Christmas traditions and sales are among the main domestic topics of the Finnish dailies on Monday morning in the lead up to Christmas Eve.
The main daily Helsingin Sanomat leads with a poll about Christmas, which according to the newspaper's commissioned TNS Gallup poll is the year's favourite holiday for one out of every four Finns. Four out of five surveyed said that they eat traditional Christmas foods such as ham and various casseroles each year. Fewer than one in five eat turkey to mark the festive meal.
In international news, Helsingin Sanomat leads with the surprise early release of Mikhail Khodorkovsky, once Russia's richest man as head of oil giant Yukos, who was imprisoned for ten years for tax evasion and theft after funding opposition parties. The fierce critic of the Kremlin and President Vladimir Putin was suddenly given a pardon by Putin. Khodorkovsky was flown to Berlin, Germany, where he "cautiously" appeared in public and said that he hoped the 2014 Sochi Winter Olympics in Russia would not be boycotted. Many politicians and other public figures have announced that they will be boycotting the Winter Games in protest of Russia's anti-gay laws. Khodorkovsky also said that he would not be returning to politics and would instead be turning his efforts to lobbying for the release of other political prisoners in Russia.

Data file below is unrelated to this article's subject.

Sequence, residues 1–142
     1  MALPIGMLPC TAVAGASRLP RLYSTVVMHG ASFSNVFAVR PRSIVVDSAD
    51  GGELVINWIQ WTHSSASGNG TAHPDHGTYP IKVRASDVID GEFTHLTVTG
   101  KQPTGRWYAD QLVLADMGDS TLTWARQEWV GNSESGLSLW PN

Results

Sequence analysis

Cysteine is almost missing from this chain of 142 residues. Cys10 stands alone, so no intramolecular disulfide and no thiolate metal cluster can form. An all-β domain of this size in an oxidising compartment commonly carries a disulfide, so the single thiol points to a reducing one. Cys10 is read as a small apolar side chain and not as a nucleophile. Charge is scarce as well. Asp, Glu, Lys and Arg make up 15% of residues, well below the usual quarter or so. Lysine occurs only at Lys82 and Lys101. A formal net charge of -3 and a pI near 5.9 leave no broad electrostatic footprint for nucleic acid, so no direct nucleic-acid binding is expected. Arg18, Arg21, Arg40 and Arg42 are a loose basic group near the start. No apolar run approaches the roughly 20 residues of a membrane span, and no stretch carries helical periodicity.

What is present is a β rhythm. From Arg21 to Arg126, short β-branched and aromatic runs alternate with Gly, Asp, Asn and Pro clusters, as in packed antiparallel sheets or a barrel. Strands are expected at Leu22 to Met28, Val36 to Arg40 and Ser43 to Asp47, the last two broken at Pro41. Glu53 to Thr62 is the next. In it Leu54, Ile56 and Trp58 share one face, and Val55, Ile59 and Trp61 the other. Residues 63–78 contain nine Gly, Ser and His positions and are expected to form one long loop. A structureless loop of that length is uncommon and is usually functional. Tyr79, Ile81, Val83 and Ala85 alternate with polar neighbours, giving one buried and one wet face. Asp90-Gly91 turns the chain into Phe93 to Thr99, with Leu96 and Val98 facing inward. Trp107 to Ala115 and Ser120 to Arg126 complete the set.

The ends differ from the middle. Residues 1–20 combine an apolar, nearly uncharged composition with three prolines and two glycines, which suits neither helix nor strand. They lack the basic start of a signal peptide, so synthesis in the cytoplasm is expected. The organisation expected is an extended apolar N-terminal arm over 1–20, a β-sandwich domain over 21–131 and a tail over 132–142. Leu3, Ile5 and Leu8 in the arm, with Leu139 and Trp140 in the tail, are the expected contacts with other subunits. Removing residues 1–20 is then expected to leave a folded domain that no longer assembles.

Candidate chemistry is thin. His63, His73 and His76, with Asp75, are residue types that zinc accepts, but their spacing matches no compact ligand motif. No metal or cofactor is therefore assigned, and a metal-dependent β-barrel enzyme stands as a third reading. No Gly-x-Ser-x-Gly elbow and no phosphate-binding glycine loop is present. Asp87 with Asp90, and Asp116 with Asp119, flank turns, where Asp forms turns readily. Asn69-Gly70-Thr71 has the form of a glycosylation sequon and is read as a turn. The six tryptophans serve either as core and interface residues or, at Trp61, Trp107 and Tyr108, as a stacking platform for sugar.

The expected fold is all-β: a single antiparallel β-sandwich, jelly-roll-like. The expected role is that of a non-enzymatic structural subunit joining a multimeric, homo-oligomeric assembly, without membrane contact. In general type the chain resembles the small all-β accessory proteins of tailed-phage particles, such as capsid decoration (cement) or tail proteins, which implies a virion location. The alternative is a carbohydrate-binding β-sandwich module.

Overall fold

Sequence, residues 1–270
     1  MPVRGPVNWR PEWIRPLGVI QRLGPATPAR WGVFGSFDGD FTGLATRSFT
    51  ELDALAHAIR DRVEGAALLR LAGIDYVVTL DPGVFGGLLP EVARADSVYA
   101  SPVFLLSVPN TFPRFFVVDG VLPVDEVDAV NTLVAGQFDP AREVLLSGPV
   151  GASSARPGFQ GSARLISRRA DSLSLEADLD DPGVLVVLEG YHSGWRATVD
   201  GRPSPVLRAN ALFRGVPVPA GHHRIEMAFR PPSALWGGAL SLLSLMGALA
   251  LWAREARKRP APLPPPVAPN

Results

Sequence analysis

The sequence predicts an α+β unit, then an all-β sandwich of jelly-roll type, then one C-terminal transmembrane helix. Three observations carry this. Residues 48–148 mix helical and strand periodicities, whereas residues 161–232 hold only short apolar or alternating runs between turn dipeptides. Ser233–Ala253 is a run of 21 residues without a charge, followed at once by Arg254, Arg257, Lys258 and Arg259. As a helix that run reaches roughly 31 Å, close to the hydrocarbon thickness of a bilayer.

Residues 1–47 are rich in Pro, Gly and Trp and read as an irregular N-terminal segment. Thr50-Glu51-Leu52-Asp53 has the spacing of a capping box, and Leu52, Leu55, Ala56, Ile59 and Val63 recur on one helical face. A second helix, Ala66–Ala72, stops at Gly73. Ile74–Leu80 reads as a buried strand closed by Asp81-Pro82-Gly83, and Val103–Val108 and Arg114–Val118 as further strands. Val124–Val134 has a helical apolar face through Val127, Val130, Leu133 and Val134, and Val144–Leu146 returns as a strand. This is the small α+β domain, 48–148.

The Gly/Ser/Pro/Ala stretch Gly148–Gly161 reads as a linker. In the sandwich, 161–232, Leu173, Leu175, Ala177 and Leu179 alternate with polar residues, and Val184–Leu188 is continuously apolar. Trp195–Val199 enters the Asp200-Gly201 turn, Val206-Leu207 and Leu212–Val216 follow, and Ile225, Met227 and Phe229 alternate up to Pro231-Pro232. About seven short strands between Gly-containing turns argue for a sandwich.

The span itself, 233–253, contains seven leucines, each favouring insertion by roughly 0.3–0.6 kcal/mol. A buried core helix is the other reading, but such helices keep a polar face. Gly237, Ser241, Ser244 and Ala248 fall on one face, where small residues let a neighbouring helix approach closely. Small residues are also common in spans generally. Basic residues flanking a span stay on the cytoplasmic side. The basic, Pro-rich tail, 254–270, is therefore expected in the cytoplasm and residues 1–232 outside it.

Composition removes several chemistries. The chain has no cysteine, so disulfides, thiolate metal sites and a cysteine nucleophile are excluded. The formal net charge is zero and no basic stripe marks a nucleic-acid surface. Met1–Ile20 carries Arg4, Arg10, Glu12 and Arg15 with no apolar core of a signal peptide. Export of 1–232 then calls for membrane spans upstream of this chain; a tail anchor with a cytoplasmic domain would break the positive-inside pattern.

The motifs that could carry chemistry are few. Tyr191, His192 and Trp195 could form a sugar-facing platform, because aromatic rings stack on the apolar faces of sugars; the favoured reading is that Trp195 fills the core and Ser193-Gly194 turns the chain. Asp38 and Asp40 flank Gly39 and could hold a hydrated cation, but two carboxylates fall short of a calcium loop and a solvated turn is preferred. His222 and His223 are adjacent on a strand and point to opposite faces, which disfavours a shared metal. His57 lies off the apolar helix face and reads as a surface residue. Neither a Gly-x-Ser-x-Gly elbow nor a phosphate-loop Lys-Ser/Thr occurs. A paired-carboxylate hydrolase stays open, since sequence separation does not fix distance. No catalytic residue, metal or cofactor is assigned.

Tampere-based Aamulehti tells the story of a local man, Jukka-Pekka Kokko, who was charged and fined with defamation of character after he complained to his boss and the police and later in private Facebook messages that his co-worker had hit an autistic child in her care. The woman, who took the case to court, claimed that the complaint to her boss and the Facebook messages constituted harassment and defamation of character. Kokko had to pay a 500-euro fine for defamation of character, as well as more than 2,500 euros in legal fees - even though the woman was found guilty and charged with abusing the underage autistic in her care. Kokko said he wanted to make the case public as his interest was in protecting the child and he felt the case set an awkward precedent for freedom of speech.
In Turku, Turun Sanomat's Christmas stories include a story on how the official Finnish Santa Claus's outfit was re-designed by Anna-Marie Rytkönen, who lives in Turku, and how the traffic centre will be on call throughout Christmas monitoring traffic safety.
One of the cover stories for Lapin Kansa of Rovaniemi is about Christmas sales, which have been brisk in the far north of Finland, where books - only hardcover ones will do - and jewellery continue to be the top-selling gifts.